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To: freedumb2003

Too bad the RC church has twisted that passage to mean Peter was the first Pope, when clearly (as other scripture shows) it was never meant to be taken that way.


8 posted on 05/09/2011 11:30:02 AM PDT by sigzero
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To: Bokababe

You seem to think one contradicts the other. The Bible reveals what the NT church was like. Everything about the NT church is outlined and codified by the Bible. Its practice, its worship, its government. If a Church tells me something that is contradicted by the Bible, it isn’t the Bible that is wrong.


9 posted on 05/09/2011 11:34:35 AM PDT by sigzero
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To: sigzero

Ya...you’d like us to believe that when Chist said “this” he was referring to Himself....and you call “us” twisted”???


10 posted on 05/09/2011 11:34:58 AM PDT by G Larry (I dream of a day when a man is judged by the content of his character)
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To: Bokababe

Didn’t read the whole article (bad FReeper!!!) but I think even us Sola Scriptura types acknowledge that there was a transition period where not all the NT was published. A hundred years give or take.

During that time we basically had the apostles themselves, who no Sola Scriptura type would argue with!

So, in OT times, we had direct revelation by God to some, and the prophets for most; the gradually written OT.

During Jesus’s earthly ministry, we add the person of Jesus, and his ordained apostles.

After Jesus’ ascension, we had the OT and the apostles,the NT began to be recorded, and the Holy Spirit.

After the apostles died out we had the whole canon, plus the presence of the Holy Spirit.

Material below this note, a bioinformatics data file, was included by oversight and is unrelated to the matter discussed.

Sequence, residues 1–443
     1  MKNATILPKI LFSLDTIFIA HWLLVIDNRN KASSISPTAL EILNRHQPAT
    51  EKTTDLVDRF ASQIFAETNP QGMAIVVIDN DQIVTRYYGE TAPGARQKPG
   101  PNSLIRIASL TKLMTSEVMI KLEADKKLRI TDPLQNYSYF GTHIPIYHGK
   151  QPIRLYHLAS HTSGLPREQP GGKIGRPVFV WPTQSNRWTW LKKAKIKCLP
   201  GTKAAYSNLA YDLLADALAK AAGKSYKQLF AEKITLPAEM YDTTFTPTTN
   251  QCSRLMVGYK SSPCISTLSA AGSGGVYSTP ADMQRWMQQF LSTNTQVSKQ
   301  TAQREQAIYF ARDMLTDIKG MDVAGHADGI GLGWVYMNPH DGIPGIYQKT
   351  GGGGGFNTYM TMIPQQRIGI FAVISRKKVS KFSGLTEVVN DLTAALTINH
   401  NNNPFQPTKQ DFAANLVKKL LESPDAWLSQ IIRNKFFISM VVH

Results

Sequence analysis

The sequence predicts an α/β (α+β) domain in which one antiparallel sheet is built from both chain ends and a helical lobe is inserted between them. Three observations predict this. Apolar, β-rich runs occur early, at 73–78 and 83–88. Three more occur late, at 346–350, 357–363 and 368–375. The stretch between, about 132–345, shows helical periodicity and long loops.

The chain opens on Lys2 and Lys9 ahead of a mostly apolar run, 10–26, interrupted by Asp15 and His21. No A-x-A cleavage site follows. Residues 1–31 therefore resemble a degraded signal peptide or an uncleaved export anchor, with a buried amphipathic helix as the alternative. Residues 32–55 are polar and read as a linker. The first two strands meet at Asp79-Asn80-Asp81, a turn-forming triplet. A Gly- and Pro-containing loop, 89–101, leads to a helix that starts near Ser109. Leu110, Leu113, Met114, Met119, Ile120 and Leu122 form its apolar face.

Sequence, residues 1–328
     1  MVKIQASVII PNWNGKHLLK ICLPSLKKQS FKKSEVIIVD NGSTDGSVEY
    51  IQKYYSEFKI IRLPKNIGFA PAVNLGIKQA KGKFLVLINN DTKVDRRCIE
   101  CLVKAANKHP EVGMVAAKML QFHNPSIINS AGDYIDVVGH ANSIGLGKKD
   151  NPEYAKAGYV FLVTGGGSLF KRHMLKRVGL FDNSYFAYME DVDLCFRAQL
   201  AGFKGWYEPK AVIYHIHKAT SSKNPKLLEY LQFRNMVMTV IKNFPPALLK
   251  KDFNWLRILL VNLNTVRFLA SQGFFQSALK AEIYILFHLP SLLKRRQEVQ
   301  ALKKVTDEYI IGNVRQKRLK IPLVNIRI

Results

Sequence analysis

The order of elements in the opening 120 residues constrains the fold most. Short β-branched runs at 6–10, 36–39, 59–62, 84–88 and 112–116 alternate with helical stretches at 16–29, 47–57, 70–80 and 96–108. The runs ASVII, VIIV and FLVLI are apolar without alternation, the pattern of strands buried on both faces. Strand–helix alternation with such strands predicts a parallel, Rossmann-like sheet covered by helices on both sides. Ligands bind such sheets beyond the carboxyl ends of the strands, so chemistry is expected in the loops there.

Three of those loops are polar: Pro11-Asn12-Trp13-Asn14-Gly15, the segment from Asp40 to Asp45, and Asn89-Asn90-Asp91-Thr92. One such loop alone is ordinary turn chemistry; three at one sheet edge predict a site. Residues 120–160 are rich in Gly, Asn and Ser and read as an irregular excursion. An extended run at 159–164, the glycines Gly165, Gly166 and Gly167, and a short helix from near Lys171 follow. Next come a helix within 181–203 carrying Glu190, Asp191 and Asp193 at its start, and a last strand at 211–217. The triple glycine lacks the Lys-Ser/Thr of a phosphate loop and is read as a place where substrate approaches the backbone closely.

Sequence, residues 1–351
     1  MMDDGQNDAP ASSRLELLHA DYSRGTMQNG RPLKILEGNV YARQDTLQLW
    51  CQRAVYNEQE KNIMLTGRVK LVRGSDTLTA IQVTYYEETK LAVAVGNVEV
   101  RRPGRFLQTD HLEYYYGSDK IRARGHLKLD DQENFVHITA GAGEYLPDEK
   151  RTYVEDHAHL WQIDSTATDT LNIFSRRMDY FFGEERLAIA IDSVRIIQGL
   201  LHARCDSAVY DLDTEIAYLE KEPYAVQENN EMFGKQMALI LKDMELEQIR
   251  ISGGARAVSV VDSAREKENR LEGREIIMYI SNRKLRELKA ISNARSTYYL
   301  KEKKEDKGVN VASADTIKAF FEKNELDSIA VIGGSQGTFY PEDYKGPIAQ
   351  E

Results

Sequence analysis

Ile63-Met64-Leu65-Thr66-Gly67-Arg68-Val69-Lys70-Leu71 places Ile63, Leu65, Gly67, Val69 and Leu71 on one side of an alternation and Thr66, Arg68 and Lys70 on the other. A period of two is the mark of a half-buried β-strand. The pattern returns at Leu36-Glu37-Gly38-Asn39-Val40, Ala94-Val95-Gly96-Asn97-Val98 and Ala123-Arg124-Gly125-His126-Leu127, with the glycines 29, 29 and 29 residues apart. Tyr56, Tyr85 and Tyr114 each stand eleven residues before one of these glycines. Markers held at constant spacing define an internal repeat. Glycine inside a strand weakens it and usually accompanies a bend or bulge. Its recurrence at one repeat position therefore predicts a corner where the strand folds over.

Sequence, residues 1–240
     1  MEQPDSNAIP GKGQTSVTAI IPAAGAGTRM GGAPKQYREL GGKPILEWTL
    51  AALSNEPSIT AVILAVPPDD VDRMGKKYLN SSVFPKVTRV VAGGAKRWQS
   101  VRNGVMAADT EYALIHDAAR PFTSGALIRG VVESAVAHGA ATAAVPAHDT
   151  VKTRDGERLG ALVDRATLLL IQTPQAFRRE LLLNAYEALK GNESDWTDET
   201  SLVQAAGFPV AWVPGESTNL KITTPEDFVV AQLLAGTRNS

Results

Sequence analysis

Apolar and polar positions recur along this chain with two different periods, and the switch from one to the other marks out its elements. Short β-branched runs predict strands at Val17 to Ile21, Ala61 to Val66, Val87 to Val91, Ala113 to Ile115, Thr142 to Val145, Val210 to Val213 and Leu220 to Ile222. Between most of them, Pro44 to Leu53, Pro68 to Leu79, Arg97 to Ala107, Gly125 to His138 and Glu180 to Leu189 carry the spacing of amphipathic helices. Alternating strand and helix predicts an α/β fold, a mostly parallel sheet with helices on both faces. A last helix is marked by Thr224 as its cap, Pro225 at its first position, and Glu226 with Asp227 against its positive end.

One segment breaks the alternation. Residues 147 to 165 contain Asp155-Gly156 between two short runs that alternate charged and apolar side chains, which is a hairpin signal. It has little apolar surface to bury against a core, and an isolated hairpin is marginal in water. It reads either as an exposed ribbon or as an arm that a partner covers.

So while I agree that during that period of time when the NT was not all complete, we relied on the church, that is to say, the duly ordained apostles -

that doesn’t imply to me that the NT takes a subservient role to ordained men today.


11 posted on 05/09/2011 11:35:52 AM PDT by Persevero (We don't need Superman -- we have the Special Forces)
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To: sigzero

Sigero’s Letter to the Freepublicans.


12 posted on 05/09/2011 11:36:40 AM PDT by Jeff Chandler (Shemp was the Fourth Stooge of the Apocalypse.)
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To: G Larry

No, actually I believe he was talking to Peter. So your assumption is wrong. Christ did not, in that passage, give all authority to Peter to be *the* apostle. That is emphatically wrong. Christ names Peter “cephas” because of his character traits and that is what Christ built the Church on. Unwavering truth like a rock!


13 posted on 05/09/2011 11:38:11 AM PDT by sigzero
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To: Persevero
Didn’t read the whole article
14 posted on 05/09/2011 11:38:43 AM PDT by Jeff Chandler (Shemp was the Fourth Stooge of the Apocalypse.)
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To: sigzero

“You are ‘Rock’, and upon your rockly character traits I will build my church. For about a hundred years. Then read the book.”


15 posted on 05/09/2011 11:40:36 AM PDT by Jeff Chandler (Shemp was the Fourth Stooge of the Apocalypse.)
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To: Persevero
So while I agree that during that period of time when the NT was not all complete, we relied on the church, that is to say, the duly ordained apostles -

So the Apostles were "temps"?

16 posted on 05/09/2011 11:41:35 AM PDT by Jeff Chandler (Shemp was the Fourth Stooge of the Apocalypse.)
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To: sigzero

“Unwavering truth like a rock!”

He did deny Christ three times after that.

Not to insult Peter; I know Jesus forgave him.

But, you know, not exactly unwavering truth like a rock.


17 posted on 05/09/2011 11:41:54 AM PDT by Persevero (We don't need Superman -- we have the Special Forces)
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To: sigzero

“...and upon this rock I will build my church, and the gates of hell shall not prevail against it. Whatsoever you bind on earth shall be bound in Heaven, and whatsoever you lose on earth, shall be losed in Heaven.”